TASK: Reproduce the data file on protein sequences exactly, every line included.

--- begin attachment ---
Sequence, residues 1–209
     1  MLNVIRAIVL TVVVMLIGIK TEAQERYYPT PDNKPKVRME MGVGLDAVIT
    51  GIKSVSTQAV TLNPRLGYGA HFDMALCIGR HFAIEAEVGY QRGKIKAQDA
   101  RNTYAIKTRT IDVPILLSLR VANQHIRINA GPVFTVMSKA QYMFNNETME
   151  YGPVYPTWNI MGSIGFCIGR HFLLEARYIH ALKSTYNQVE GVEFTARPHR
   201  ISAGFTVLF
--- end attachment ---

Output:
Sequence, residues 1–209
     1  MLNVIRAIVL TVVVMLIGIK TEAQERYYPT PDNKPKVRME MGVGLDAVIT
    51  GIKSVSTQAV TLNPRLGYGA HFDMALCIGR HFAIEAEVGY QRGKIKAQDA
   101  RNTYAIKTRT IDVPILLSLR VANQHIRINA GPVFTVMSKA QYMFNNETME
   151  YGPVYPTWNI MGSIGFCIGR HFLLEARYIH ALKSTYNQVE GVEFTARPHR
   201  ISAGFTVLF